The Hartford database of US Megachurches (Hartford Institute for Religion Research) is an electronic catalog of (most) US churches that claim to have more than 2,000 (Hence, “Mega-church”) attending via physical or online presence on any given Sunday. These megachurches have outsized leverage in Western Christian culture. The reason is that Megas in America only account for ~1 percent of the ~300,000 Protestant churches physically in operation, yet they draw over 25 percent of physical attendance on any given Sunday. Including virtual attendance in the count ups the market share concentration ratio of the Megas even more.

The criteria used in the Hartford database:

  • 2,000 or more persons in attendance weekly, counting all worship locations.

  • A charismatic, authoritative senior minister

  • A very active 7-day week congregational community

  • A multitude of diverse social and outreach ministries

  • An intentional small group system or other structures of intimacy and accountability

  • The innovative and often contemporary worship format

  • and a complex differentiated organizational structure

There are 1,664 Protestant Mega churches listed in the database. Several other prominent Megas are not included simply because they have chosen to stay off such lists. Hartford’s work suggests they have approximately 60 percent of the Megas identified in their database, which suggests Megas in actual organizational count equal approximately 3,000 churches – or about 1 percent of total US Protestant churches.

For our research, we extracted the mission statements from 500 of the 1,664 Hartford churches listed. In some cases where no mission statement existed, we would substitute their Purpose, Vision, or Calling statements. We then produced a word cloud to extract certain keywords from those statements: Disciple, Disciples, Discipleship, Discipling, Follower, and Followers. Where one or more of those keywords were present, we listed the church as “Intending” to focus on a Gospel of discipleship. The remainder of the churches were categorized as “Unknown” regarding their perspectives on discipling.

To repeat, this word cloud review does not attempt to suggest the mere existence of words makes or breaks a culture of discipleship. But it does give us a sense of how much, or how little regard toward an intentional declaration exists in the core statements affirming a church’s culture toward discipling. Yet intentions unstated rarely produce their intended results. A culture must be shaped by its mission lest it ceases its service to a mission. To borrow a phrase from one of the business community’s organizational scholars “Culture eats strategy for breakfast.”8

What follows is a summary of the research finding from our database survey of 500 megachurches in terms of keywords around discipleship in their mission statements. Here are the ten most popular “word cloud” phrases in the 500 church mission statements we reviewed:

  • 1. Preaching Jesus Christ to all the world (22 percent)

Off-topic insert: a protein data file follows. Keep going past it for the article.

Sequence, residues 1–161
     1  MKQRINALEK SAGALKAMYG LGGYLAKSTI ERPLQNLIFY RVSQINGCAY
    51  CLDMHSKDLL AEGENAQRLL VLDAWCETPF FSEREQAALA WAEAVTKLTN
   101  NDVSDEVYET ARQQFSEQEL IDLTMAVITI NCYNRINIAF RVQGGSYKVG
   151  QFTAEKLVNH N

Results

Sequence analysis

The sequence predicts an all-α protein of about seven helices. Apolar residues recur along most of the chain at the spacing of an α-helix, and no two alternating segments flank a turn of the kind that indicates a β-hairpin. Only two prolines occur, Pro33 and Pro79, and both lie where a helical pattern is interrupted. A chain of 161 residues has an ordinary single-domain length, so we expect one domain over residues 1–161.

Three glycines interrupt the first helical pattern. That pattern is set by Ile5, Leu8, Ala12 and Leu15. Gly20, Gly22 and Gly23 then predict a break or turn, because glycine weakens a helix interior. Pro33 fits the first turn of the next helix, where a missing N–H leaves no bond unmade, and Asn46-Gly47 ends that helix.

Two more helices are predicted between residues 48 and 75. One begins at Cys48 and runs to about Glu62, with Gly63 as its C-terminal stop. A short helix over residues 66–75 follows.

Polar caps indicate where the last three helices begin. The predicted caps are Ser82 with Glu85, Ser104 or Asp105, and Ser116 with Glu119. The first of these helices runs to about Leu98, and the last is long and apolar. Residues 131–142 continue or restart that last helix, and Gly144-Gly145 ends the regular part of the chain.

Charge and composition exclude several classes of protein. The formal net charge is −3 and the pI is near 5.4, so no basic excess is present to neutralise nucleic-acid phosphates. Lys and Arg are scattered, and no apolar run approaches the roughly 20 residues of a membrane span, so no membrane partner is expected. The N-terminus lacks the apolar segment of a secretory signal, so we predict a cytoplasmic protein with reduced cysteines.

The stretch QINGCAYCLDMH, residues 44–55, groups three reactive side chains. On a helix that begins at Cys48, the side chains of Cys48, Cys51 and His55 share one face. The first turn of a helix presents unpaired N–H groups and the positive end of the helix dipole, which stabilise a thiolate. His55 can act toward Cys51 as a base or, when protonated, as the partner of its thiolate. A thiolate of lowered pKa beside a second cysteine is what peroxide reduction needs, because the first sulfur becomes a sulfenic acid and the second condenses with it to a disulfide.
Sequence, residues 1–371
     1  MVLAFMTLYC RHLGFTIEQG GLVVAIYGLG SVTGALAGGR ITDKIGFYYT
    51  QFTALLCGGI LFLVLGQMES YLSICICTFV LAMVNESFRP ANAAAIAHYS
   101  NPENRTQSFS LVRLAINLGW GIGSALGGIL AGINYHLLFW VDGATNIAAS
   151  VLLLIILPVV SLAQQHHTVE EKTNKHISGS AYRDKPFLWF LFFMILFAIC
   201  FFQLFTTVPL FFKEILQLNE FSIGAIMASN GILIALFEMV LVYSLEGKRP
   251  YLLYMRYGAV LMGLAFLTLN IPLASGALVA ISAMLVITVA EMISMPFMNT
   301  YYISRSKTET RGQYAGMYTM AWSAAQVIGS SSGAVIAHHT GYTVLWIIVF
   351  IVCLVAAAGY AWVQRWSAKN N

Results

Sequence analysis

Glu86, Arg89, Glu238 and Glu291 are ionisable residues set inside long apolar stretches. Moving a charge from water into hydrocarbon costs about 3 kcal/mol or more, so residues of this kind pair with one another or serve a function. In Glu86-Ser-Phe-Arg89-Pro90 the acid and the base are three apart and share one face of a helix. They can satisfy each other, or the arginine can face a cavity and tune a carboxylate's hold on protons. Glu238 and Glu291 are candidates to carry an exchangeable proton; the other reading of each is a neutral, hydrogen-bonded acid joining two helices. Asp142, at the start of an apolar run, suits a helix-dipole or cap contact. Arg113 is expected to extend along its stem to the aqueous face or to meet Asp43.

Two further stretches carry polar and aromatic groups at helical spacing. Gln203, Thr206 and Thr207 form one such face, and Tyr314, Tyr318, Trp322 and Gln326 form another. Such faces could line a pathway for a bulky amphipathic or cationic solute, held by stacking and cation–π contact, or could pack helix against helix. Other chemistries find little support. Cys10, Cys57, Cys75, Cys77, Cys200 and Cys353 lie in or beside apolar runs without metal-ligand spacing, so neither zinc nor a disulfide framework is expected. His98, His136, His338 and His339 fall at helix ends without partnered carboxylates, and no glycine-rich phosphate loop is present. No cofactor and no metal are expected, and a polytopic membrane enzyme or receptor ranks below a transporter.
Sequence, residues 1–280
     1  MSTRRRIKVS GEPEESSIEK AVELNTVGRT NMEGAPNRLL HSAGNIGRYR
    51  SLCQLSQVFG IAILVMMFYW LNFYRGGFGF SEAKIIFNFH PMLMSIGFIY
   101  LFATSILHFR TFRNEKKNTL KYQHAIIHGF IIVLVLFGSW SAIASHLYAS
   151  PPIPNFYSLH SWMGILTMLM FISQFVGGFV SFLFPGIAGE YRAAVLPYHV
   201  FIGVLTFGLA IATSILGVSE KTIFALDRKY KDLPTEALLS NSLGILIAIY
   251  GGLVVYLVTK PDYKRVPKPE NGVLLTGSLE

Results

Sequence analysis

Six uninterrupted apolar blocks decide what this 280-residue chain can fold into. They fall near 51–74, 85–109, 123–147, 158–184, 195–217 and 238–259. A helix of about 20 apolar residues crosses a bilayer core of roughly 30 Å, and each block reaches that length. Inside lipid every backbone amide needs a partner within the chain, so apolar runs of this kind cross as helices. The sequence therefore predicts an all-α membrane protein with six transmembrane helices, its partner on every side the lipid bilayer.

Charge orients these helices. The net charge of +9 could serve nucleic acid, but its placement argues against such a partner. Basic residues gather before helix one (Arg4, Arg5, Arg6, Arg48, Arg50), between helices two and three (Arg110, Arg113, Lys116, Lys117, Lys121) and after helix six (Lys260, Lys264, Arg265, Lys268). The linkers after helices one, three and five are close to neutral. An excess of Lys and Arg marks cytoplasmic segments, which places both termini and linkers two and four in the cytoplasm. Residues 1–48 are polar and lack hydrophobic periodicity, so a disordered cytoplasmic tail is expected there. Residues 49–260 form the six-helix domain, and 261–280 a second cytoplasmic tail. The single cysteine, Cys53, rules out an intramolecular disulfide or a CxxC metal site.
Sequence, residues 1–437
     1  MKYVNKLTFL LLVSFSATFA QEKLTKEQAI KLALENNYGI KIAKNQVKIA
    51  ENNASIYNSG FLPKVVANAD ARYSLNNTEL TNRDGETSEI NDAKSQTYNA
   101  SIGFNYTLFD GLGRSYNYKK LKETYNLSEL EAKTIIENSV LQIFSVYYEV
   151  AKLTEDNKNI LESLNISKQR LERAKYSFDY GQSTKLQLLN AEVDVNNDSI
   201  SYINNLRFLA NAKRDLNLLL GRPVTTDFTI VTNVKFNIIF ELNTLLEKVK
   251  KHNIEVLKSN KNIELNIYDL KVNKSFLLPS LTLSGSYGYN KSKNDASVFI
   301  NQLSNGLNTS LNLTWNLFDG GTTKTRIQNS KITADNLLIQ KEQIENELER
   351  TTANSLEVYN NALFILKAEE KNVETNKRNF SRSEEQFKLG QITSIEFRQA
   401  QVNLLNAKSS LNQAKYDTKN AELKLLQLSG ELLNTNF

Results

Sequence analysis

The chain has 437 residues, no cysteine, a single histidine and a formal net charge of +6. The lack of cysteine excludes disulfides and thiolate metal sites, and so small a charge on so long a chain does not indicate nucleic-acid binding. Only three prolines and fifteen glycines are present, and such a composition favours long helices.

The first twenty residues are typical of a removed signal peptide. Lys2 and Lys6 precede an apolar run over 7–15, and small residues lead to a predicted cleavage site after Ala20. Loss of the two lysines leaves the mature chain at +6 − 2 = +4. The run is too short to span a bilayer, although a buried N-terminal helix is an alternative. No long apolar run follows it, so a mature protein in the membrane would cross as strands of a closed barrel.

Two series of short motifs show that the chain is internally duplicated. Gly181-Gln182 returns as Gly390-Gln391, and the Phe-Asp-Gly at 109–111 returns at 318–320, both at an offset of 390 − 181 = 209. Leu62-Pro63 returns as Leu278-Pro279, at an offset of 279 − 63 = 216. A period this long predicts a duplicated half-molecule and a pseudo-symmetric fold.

• 2. Being followers of Jesus (17 percent)

  • 3. Being a community of God’s people (13 percent)

  • 4. Helping people believe (13 percent)

  • 5. Showing love (11 percent)

  • 6. A fellowship of like-minded people (10 percent)

  • 7. Going on mission trips for the gospel (10 percent)

  • 8. Receiving the Holy Spirit (6 percent)

  • 9. Teaching people about Christianity (4 percent)

  • 10. Being free (4 percent)

The notion of being a follower (a disciple) was mentioned in 21 percent (~112) of mission statements surveyed. Half (55) regarded justice, prospering, ministries, outreach, theology, global missions, and reconciliation as their primary mission, expecting disciples to result from these activities. Only two churches out of five hundred declared discipleship as their mission.

It would be interesting to sample the remaining megachurch mission statements in the Hartford database and to expand the research into sub-mega church populations as well. Yet the relatively rich sample size we have reviewed here suggests that discipleship is rare as the primary mission for American churches if it has any standing in the words at all.


The point of this paper is that leadership is responsible for followership. And in the arena of discipleship, contemporary leadership is not necessarily “at fault,” but is now responsible to Christ and his people for beginning a journey from an enfeebled Western discipleship. That being said, in the opening paragraphs, troublesome symptoms are emerging and accelerating in American Protestant and Evangelical communities. These trends are organizational, caused by the underlying tensions between the Kingdom-focused Gospel of Christ, and the historical traditions and societal morphing underfoot in Western Christianity.9 Because the trends are organizational, they are, by definition, a leadership issue rather than attributing deficiencies to defective individual followers of Christ. Only leadership has the authority and influence to change an organization, excluding anarchy.

To grapple with these difficulties, leaders must evaluate the connection, or the lack of connection between widely held American interpretations of the words “Gospel” (εὐαγγέλιον euaggelion) and “disciple” (μαθητής mathētēs). The traditional pressure on leaders in the Western Church is to compete, to build headcounts, capital facilities, and celebrity venues to attract ever more members. In a phrase, these attributes are entrepreneurial churches. Some of these motivations are noble: to try to help people come to know Christ. Some, however, unashamedly, exist to simply be powerful, popular, or prosperous.